I would guess that it means the first one, so that the value of a knight decreases by 1/16 every time a pawn is captured and the value of a rook increases by 1/8. If that is true, a simpler way of expressing the values would be that a knight is worth 2 15/16 plus pawns/16 and rook is worth 5 5/8 minus pawns/8. (Which, as you say, isn't very useful in practice.)

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    I agree, both that it is not entirely clear what he meant and that the first interpretation is what I would think it meant. And I'm a native English (from US) speaker, not that that necessarily means I understand everything someone says. – rcook Aug 16 '14 at 14:34
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In math, the "opposite" of "add 5" to A (A+5), then multiply B by 6 (Bx6) is "subtract 5" from A (A-5), then divide B by 6 (B/6).

In math, there is no possibility of "opposite" meaning "switch the variables".

So, I am completely certain that GM Kaufman is recommending that for each pawn fewer than 5, you should subtract 1/16 from the knight's standard value.

Similarly, for each pawn fewer than 5, you should subtract 1/8 from the rook's value.

There is no reason to believe that he meant the factor of 1/16 for the knight should now apply to the rook.

The logic of this intuitive; rooks need semi-open or open files to be effective, so the fewer friendly pawns there are, the more powerful they become.

Conversely, the knight is stronger in closed positions, so the more friendly pawns there are, the stronger the knight becomes relative to the other pieces, which need open lines. It is reasonable to assume that, unless there is some evidence that says otherwise, the factors are mostly linear, i.e. A bit more of an input results in an increment of the output. Another bit more of the same input results in a similar additional increment of the output.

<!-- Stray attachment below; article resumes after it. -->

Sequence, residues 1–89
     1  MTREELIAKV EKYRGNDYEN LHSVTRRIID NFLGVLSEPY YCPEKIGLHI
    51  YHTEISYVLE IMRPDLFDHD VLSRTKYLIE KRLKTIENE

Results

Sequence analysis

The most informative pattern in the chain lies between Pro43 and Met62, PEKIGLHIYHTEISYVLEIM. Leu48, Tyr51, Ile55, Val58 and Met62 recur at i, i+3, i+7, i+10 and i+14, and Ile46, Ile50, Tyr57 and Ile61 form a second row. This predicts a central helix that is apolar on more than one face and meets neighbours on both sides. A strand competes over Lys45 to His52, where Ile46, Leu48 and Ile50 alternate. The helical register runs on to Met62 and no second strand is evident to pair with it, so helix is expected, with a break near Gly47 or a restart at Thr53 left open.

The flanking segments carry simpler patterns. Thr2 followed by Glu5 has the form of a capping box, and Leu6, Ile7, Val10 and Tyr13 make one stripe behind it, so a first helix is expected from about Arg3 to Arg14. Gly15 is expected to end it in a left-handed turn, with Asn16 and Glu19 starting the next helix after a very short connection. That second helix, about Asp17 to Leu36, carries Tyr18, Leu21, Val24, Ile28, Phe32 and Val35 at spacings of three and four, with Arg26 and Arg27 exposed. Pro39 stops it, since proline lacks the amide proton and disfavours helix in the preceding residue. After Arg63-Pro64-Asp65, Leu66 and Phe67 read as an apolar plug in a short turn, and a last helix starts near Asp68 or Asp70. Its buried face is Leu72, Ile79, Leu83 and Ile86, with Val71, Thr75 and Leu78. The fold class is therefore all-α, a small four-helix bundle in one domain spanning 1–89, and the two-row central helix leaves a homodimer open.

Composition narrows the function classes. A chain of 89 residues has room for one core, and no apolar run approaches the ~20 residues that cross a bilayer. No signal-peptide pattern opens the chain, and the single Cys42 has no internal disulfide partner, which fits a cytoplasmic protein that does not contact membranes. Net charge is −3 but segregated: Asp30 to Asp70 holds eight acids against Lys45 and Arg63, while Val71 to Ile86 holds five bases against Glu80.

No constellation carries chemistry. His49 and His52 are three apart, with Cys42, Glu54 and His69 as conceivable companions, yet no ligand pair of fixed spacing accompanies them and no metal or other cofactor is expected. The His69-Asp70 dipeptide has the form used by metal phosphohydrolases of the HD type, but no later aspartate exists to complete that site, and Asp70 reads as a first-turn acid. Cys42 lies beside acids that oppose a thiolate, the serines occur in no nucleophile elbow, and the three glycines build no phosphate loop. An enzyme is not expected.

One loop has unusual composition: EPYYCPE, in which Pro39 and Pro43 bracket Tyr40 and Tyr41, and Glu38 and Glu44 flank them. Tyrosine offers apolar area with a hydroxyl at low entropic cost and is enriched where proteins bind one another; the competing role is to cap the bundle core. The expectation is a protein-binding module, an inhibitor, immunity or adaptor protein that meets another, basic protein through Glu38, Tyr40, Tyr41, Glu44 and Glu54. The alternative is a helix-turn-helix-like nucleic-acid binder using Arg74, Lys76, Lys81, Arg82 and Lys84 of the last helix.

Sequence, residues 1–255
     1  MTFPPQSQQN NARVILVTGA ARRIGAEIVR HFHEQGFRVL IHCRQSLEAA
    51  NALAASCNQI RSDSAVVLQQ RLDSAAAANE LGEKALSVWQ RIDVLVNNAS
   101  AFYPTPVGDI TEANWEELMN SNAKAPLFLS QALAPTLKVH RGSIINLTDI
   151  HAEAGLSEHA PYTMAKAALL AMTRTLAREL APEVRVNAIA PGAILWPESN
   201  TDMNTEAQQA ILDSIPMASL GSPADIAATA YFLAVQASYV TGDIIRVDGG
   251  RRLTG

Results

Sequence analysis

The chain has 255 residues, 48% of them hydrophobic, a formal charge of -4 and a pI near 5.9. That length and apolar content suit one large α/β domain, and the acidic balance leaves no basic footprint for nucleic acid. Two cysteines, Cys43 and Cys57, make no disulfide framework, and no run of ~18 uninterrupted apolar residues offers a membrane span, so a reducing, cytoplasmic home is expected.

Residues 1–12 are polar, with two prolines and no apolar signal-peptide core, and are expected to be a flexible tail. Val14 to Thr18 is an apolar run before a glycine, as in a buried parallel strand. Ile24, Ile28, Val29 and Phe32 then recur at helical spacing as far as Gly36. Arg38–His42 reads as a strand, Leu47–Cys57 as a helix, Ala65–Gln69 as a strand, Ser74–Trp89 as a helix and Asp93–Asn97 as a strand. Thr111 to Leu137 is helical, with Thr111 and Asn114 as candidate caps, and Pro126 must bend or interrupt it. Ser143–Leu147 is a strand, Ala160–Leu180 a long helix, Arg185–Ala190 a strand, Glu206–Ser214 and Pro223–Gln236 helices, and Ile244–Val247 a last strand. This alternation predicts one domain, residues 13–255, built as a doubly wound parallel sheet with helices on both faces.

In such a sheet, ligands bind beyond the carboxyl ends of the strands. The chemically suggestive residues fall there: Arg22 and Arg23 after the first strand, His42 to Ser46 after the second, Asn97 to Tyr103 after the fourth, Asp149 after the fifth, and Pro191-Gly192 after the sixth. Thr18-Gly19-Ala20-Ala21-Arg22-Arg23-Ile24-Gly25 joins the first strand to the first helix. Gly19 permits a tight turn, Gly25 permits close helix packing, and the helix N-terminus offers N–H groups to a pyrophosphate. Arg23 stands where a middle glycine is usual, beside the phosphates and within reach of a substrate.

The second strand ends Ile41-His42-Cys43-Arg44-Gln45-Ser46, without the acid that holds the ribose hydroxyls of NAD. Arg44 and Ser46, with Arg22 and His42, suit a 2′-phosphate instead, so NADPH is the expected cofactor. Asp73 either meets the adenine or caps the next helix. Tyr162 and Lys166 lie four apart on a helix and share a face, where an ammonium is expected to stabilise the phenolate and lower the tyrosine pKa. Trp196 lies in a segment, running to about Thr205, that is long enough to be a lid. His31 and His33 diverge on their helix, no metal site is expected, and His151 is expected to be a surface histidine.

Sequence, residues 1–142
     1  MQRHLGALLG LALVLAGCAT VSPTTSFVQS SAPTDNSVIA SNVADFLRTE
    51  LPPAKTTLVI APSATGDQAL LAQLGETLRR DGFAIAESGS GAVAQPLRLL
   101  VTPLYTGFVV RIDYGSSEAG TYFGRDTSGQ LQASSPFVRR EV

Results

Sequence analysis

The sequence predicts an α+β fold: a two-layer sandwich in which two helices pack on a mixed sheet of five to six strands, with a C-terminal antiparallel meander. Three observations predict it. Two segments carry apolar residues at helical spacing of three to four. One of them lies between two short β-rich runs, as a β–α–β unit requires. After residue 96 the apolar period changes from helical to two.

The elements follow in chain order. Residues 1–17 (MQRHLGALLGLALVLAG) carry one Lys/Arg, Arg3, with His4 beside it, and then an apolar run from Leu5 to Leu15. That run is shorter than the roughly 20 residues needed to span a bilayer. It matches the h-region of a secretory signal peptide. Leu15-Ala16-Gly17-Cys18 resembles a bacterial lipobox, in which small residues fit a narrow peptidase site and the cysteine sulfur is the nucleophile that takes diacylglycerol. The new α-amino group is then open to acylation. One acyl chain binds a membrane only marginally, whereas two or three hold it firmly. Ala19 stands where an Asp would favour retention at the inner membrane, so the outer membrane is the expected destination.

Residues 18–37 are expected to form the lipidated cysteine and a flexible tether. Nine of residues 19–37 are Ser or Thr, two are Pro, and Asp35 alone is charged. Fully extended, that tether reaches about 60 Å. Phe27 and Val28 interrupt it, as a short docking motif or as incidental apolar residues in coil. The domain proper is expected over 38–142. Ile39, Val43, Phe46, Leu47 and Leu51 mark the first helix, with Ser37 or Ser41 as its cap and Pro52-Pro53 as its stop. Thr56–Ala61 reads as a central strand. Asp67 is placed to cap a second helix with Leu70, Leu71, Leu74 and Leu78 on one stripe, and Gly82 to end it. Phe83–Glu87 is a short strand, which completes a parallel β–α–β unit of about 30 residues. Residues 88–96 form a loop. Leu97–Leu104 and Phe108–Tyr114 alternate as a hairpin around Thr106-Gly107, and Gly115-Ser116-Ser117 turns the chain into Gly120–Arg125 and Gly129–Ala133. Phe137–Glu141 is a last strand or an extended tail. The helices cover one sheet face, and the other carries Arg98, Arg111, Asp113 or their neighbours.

Of course, this is simplistic;

  1. The question of value is affected by whether pawns are doubled, which would provide a semi-open file without reducing the number of pawns, as well as how the pawns are positioned relative to their counterparts; two interlocking chains of 8 pawns each provide no toeholds or even targets to attack for the knights (and hence reduce their value somewhat), whereas if some of these pawns are doubled and a base pawn can be reached from a square that is safe for the knight, their value should be greater.
  2. It's likely that the increment to the value of the rook for removing the last pawn would be nearly nothing; it already has 7 open files; why would it need an 8th?.
  3. It's possible that the change in the value of the knight for adding the 8th pawn would be negative. This is because the knight needs squares for mobility, and if all 8 pawns are on the board, there may be openings it can use to jump over its own pawns, or there may not be. There might instead be a complete coverage of all such potential squares by the opposing 8 pawns. The knight would seem to be more likely to find open squares in a 7-vs-7 situation. But then, I'm not a GM.

I would also expect that the bishops' and knights' values are inversely affected by this factor; clearly, closed positions favor the knight more than the rook, but they also favor the knight more than the bishop. I assume Kaufman treats this topic separately, and your question only related to the knights and rooks. But if you're going to do this with knights and rooks, it seems only reasonable to to something with bishops.